EPA Releases Long Awaited Report on Alternative OB/OD Technologies

Washington, D.C. The EPA finally released its final report on Alternatives To OB/OD of energetic hazardous wastes after studying the topic for nearly two years. The report merely presents an overview of alternative treatment technologies organized by the following categories:

  • case opening technologies for what EPA classifies as thick and thin cased munitions;
  • energetic material removal technologies;
  • energetic material destruction technologies; and
  • decontamination technologies.

    The report presents information on several specific technologies or approaches within each category that have been used in CONUS or internationally and included technologies that were "widely tested, but had limited success."

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Explosives Safety Trumps Air Pollution Threat

Tooele, Utah After discovering that a 17-ton cache of ordnance was at risk of self-ignition, the Tooele Army Depot detonated 28,000 target simulators over nine days this month, even on days when particulate pollution blanketed the Salt Lake Valley.

According to Rick Page of the Utah Division of Solid and Hazardous Waste, State officials granted the munitions depot an emergency permit to explode the simulators when it was discovered that some explosive material was crystallizing on the outside of the packaging. This set up a conflict between public safety and public health in which officials determined that it was necessary to continue detonating the old ordnance and open burning on days when the "clearing index," a measure of atmospheric mixing, is low and conducive to pollution buildup.

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Major Agreement for Vieques Cleanup Finalized

The following article was posted on an EPA Website related to Vieques.

The EPA announced today the finalization of a federal facility inter-agency agreement (FFA) with several agencies and jurisdictions for the cleanup of portions of the Island of Vieques and its surrounding waters. The agreement is between EPA, the U.S. Department of Navy, U.S. Department of the Interior, and the Commonwealth of Puerto Rico, and it lays out the roles that the various agencies will play as the cleanup continues. EPA's Regional Administrator Alan J. Steinberg was joined by Deputy Assistant Secretary of the Navy Donald R. Schregardus, as well as Carlos W. López Freytes, President of the Puerto Rico Environmental Quality Board and Susan Silander, U.S. Fish and Wildlife Service Project Leader for the Caribbean Islands National Wildlife Refuge Complex, at EPA's offices in San Juan, Puerto Rico to mark the finalization of the agreement.

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EPA Considering Hazardous Munitions Storage & Treatment Permit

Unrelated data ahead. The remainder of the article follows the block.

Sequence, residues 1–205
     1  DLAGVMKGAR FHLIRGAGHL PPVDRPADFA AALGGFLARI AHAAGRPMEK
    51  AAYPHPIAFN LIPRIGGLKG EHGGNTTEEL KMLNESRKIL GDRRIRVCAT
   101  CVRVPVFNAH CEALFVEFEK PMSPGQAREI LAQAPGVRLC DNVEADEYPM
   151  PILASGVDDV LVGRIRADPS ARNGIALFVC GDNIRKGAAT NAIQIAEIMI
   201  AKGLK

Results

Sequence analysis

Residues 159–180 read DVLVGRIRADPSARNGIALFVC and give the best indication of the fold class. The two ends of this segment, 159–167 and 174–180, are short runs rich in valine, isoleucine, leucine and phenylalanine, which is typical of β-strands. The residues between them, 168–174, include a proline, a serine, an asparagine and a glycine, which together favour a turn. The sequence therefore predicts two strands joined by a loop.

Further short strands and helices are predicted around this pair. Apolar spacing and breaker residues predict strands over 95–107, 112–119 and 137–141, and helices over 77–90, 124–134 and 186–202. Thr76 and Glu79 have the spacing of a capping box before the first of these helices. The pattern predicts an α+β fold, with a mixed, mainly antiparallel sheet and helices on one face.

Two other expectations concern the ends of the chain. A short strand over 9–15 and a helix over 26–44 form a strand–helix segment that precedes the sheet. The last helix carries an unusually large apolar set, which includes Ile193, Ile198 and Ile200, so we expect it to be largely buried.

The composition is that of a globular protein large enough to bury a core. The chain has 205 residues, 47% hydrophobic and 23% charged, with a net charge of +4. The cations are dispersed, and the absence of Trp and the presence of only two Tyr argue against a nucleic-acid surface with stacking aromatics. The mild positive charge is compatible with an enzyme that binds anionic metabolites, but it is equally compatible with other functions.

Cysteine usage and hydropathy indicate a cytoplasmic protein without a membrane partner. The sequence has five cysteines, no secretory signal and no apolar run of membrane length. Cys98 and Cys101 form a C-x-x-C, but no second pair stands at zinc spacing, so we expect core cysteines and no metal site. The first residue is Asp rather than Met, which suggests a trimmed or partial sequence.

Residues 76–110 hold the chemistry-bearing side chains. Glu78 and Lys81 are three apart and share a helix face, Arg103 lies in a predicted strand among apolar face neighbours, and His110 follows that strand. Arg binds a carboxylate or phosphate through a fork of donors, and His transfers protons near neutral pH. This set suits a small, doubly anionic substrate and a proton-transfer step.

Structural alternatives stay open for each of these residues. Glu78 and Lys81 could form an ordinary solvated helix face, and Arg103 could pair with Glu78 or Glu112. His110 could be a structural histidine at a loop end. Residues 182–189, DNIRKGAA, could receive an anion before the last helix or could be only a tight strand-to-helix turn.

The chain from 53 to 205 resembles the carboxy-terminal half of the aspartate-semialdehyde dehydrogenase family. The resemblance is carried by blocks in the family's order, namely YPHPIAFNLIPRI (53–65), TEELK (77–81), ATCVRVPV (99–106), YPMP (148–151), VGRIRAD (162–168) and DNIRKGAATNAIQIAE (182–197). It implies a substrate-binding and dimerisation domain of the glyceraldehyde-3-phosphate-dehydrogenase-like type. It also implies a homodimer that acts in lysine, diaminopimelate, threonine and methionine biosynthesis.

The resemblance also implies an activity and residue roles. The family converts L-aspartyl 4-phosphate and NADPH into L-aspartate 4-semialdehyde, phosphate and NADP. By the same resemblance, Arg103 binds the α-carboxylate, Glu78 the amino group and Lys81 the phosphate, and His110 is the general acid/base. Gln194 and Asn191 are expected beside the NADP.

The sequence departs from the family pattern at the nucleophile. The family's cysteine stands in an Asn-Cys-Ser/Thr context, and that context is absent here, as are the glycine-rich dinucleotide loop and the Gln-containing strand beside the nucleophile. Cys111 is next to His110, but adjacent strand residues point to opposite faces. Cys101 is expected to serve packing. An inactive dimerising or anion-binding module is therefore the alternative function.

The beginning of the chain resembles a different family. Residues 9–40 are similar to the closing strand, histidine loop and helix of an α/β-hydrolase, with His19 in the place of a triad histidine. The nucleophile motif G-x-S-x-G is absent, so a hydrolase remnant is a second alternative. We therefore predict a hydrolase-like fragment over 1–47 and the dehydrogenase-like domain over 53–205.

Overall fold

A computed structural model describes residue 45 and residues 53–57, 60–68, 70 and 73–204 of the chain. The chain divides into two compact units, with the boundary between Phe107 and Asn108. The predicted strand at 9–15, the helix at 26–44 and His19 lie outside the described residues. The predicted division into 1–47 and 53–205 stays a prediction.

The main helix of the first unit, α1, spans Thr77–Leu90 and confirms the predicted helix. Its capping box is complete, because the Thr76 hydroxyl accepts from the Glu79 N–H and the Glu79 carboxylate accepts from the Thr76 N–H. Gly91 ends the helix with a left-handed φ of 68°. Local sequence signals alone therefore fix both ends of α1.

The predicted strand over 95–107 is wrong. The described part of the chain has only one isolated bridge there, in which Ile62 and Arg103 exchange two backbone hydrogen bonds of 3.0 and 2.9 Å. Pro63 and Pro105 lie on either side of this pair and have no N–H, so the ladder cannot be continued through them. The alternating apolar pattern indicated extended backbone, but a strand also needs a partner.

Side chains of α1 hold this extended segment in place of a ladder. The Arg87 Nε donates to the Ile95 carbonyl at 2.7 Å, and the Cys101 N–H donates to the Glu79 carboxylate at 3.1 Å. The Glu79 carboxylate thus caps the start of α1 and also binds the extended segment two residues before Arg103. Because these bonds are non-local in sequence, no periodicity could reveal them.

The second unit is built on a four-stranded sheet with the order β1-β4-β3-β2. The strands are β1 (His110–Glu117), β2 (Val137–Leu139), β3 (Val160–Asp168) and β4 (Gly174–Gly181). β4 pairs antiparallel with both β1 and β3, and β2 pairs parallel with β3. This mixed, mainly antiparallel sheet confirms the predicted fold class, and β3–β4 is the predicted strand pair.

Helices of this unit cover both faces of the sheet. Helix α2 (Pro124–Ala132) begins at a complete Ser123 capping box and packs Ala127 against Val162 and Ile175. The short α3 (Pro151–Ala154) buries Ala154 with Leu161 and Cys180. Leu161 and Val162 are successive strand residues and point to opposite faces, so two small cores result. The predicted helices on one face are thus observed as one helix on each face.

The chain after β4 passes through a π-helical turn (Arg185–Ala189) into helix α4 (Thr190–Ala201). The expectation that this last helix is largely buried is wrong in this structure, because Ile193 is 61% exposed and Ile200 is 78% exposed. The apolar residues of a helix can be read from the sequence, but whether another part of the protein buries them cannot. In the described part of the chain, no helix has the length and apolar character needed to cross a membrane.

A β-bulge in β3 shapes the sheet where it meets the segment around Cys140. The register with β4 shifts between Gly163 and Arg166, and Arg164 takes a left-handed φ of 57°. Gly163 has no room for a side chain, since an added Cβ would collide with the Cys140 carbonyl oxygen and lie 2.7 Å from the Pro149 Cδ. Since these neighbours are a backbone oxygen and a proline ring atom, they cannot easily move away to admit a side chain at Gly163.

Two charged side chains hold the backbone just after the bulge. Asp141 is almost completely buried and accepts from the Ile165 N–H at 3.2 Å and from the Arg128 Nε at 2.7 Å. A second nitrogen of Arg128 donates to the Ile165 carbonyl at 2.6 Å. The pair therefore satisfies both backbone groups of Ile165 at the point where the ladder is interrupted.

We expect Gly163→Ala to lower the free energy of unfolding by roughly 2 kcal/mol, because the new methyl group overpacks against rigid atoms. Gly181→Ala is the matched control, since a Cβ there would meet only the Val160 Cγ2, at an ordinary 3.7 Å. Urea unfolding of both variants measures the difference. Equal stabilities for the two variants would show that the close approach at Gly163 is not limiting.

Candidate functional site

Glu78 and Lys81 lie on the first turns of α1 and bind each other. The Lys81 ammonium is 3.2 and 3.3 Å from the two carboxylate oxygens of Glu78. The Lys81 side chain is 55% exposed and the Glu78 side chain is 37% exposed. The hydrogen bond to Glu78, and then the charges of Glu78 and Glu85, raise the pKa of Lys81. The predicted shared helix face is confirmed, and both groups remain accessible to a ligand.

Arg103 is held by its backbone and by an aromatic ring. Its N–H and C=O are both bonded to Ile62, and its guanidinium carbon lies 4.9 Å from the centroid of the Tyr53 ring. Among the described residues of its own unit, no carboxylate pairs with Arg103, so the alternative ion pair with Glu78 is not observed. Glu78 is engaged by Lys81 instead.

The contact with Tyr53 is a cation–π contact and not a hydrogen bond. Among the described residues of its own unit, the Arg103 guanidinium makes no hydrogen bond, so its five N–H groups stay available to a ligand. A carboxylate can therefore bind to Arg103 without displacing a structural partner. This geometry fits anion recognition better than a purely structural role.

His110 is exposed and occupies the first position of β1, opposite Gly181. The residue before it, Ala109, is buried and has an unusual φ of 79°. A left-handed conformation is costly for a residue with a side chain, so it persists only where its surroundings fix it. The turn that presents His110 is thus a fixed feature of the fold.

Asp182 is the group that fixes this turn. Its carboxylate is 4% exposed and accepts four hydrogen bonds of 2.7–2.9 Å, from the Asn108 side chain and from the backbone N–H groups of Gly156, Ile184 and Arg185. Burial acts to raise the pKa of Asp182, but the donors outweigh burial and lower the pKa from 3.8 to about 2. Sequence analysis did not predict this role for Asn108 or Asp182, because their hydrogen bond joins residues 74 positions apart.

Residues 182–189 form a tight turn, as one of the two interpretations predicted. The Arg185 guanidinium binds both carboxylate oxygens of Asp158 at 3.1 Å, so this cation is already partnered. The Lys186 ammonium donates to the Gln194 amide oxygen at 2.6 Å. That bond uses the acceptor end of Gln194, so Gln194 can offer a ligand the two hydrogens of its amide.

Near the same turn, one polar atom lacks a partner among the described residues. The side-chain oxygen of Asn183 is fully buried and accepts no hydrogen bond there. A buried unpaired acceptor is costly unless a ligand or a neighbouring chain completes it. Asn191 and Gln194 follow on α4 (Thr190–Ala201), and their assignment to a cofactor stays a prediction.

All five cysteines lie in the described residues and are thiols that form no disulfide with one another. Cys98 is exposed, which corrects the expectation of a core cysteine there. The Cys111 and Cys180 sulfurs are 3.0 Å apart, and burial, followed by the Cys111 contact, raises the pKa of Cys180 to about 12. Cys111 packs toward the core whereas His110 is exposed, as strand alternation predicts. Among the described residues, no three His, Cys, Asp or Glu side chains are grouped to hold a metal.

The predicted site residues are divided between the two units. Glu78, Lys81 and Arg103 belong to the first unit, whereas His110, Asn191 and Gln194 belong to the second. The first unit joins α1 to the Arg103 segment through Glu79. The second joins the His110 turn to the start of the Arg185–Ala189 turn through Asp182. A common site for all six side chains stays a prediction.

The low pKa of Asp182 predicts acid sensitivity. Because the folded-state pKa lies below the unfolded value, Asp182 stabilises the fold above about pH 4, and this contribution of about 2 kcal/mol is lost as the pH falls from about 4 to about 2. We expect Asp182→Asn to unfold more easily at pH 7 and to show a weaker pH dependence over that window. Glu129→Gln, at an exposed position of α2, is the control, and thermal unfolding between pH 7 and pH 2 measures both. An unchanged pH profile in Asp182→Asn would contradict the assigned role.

The Environmental Protection Agency (EPA) and the Commonwealth of the Northern Mariana Islands (CNMI) Department of Public Safety have finalized an agreement and a proposed permit for managing and treating waste munitions in CNMI.

As part of the agreement, the EPA is proposing to issue a federal permit for storage and treatment of waste munitions at the Marpi Point open detonation area. The EPA and the CNMI government will be holding a public meeting on Dec. 11 at the Division of Environmental Quality on the proposed permit. The public then has 45 days from the date of that meeting to provide comments on the draft permit.

Munitions Response Committee Temporarily Abandoned

The Munitions Response Committee (MRC) is a group made up of representatives from the Office of the Secretary of Defense (OSD), the military services, the Environmental Protection Agency (EPA), state regulatory agencies, and other stakeholders in the munitions response process. The MRC was established several years ago following the collapse of the Range Rule. The goal of the MRC was to continue the dialogue between the Department of Defense (DoD) and the regulatory community over munitions response and UXO related issues. MRC participants discuss various issues and share their views, perspectives, and positions on munitions response related topics such as clean up authorities, the use of open burn open detonation, and long term management of UXO sites. As consensus was reached on a topic, a white paper was drafted to document the results. In theory, the completed white papers would then be used by both sides as they drafted their respective policy and guidance documents related to munitions response. The goal of the process was to avoid miscommunications or pitfalls in the field that have plagued UXO cleanup projects in the past. In past years, disagreements between regulators and DoD at UXO sites have resulted in large cost over runs and extensive schedule delays as both sides argued over authorities, roles, and responsibilities.

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